“Generally specify washed sharp sand with 3-4 mm grit (where the joints allow) and not too high a proportion of fines” is suitable.(Farey, M. (2004). There is More to Lime than, Institute of Historic Building Conservation.). A masonry sand that is lacking in fines is best. The coarsest grains should be no more than 1/3 the depth of the mortar between bricks for easy laying. Although logical as a ramification of the chemistry this seems to be poorly understood except by a few within the restoration fraternity.”

I then further said in relation to the historical context

“According to Benjamin Herring, editor in chief of constructor magazine “The Romans had two distinct types of concrete mortar. One was made with simple lime and river sand, mixed at a ratio of three parts sand to one part lime. The other type used pozzolan instead of river sand and was mixed at a ratio of two parts pozzolan to one part lime.” (Herring, B. (2002). The Secrets of Roman Concrete. Constructor. Virginia, Associated General Conractors of America (AGC).

The oldest record I have come across addressing the issue of sands for carbonating and hydraulic cements is book II, chapter IV of the Ten Books of Architecture by Vitruvius Pollio (Pollio 27 - 23 BC). According to Vitruvius “the best (sand) will be found to be that which crackles when rubbed in the hand, while that which has much dirt in it will not be sharp enough. Again: throw some sand upon a white garment and then shake it out; if the garment is not soiled and no dirt adheres to it, the sand is suitable” Vitruvious was talking about gritty sand with no fines.

There is no doubt that grading is one of the most important parameters for properly carbonating mortars. As a further example of older literature supporting John Harrison and TecEco's views that coarse sands and a lack of fines are required for carbonating mortars are the comments by the 16th century architect Andrea Palladio, renowned for "The Four Books of Architecture" which were translated into English in the early 18th century and used as a principal reference for building for almost two centuries (Palladio, A. (1738). The Four Books of Architecture.).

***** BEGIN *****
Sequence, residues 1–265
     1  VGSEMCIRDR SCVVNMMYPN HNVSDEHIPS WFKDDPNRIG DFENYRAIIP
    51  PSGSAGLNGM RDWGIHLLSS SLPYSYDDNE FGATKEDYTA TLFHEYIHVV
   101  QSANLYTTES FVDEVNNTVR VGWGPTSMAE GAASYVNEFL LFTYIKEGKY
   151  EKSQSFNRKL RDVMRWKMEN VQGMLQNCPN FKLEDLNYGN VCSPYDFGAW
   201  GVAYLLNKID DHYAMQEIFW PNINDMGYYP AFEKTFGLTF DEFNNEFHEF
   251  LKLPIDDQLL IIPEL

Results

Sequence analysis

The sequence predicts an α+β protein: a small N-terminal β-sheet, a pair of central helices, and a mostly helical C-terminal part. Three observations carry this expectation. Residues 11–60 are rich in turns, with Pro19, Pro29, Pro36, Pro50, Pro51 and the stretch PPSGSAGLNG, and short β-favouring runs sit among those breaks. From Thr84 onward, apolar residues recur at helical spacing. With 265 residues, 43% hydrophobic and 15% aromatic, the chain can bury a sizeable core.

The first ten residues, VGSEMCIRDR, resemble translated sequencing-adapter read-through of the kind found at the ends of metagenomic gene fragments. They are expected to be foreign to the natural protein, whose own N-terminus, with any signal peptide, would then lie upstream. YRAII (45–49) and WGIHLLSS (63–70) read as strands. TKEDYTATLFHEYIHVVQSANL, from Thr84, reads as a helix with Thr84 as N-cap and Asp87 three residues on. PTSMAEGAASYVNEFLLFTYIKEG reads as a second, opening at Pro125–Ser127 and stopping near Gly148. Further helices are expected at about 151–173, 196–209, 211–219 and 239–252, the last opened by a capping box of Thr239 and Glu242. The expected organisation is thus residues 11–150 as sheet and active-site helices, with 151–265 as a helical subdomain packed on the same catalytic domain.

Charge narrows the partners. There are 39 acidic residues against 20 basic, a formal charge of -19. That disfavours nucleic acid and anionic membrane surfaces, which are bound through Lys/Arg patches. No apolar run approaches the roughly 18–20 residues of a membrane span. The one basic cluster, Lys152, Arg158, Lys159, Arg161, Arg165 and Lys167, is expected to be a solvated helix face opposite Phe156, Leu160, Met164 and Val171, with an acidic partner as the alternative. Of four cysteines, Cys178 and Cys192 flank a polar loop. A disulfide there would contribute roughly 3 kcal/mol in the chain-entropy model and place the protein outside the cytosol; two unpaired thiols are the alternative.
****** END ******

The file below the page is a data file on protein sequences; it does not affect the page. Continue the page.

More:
In the first book Palladio says, inter alia, "the best river sand is that which is found in rapid streams, and under water-falls, because it is most purged". In other words, it is coarse. Compare this with most sand for use in mortar today (Jordan, J. W. (2004). The Conservation and Strengthening of Masonry Structures. Proceedings of the 7th Australasian Masonry Conference, Newcastle, New South Wales, Australia, University of Newcastle, Australia).

Alf Waldum of the Norwegian Building Research Institute  states at page 4. “in the "good quality" ancient mortars relatively coarse sand is often found. Grains up to 6 - 8 mm were often used for renders 20 - 30 mm in thickness and for masonry mortars." (Waldum, A. M. Historic Materials and Their Diagnostic, State of the Art for Masonry Monuments in Norway, Norwegian Building Research Institute.).

Much more information is available from TecEco or in John Harrison's first mentioned papers.

[6] Even Stanislaus Sorel noted the strong bonding capacity of his magnesium oxychloride cement and this is due to the polar nature of the surfaces of magnesium minerals including brucite. See Magnesium Hydroxide Nano Composites and nesquehonite.

[7] Kloprogge, J. T., W. N. Martens, et al. (2003). "Low temperature synthesis and characterization of nesquehonite." Journal of Materials Science Letters 22(11): 825.

[8] Permeability is related to porosity (See The Importance of Particle Packing)

[9] Heavy metals tend to exist as hydroxides and one of the advantages of TecEco cements is that the pH is controlled by Brucite and CSH and somewhere in the range between the equilibrium pH's of these two components of concrete which are 10.48 and around 11.2 respectively and closer to the minimum solubility of most heavy metals other than silver